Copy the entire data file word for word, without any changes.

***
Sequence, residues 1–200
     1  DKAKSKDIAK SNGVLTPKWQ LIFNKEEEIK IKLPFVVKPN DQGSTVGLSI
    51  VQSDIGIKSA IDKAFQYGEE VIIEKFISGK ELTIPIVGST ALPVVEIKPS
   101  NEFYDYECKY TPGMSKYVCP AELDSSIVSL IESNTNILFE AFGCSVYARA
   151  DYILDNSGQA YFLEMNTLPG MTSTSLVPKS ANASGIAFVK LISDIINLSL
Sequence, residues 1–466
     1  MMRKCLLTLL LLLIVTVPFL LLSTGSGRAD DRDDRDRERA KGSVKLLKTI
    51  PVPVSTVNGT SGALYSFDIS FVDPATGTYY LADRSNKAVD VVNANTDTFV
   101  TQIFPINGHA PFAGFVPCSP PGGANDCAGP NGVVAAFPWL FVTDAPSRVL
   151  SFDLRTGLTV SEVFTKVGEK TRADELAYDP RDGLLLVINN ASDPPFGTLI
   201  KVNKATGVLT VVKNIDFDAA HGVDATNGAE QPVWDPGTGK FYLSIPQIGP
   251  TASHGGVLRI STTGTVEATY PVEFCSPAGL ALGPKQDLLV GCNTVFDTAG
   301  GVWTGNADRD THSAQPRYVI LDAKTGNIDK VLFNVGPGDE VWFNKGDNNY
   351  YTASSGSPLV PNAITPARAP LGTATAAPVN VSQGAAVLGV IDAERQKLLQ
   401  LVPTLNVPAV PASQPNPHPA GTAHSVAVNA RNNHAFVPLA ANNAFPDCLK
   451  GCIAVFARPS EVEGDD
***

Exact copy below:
Sequence, residues 1–200
     1  DKAKSKDIAK SNGVLTPKWQ LIFNKEEEIK IKLPFVVKPN DQGSTVGLSI
    51  VQSDIGIKSA IDKAFQYGEE VIIEKFISGK ELTIPIVGST ALPVVEIKPS
   101  NEFYDYECKY TPGMSKYVCP AELDSSIVSL IESNTNILFE AFGCSVYARA
   151  DYILDNSGQA YFLEMNTLPG MTSTSLVPKS ANASGIAFVK LISDIINLSL
Sequence, residues 1–466
     1  MMRKCLLTLL LLLIVTVPFL LLSTGSGRAD DRDDRDRERA KGSVKLLKTI
    51  PVPVSTVNGT SGALYSFDIS FVDPATGTYY LADRSNKAVD VVNANTDTFV
   101  TQIFPINGHA PFAGFVPCSP PGGANDCAGP NGVVAAFPWL FVTDAPSRVL
   151  SFDLRTGLTV SEVFTKVGEK TRADELAYDP RDGLLLVINN ASDPPFGTLI
   201  KVNKATGVLT VVKNIDFDAA HGVDATNGAE QPVWDPGTGK FYLSIPQIGP
   251  TASHGGVLRI STTGTVEATY PVEFCSPAGL ALGPKQDLLV GCNTVFDTAG
   301  GVWTGNADRD THSAQPRYVI LDAKTGNIDK VLFNVGPGDE VWFNKGDNNY
   351  YTASSGSPLV PNAITPARAP LGTATAAPVN VSQGAAVLGV IDAERQKLLQ
   401  LVPTLNVPAV PASQPNPHPA GTAHSVAVNA RNNHAFVPLA ANNAFPDCLK
   451  GCIAVFARPS EVEGDD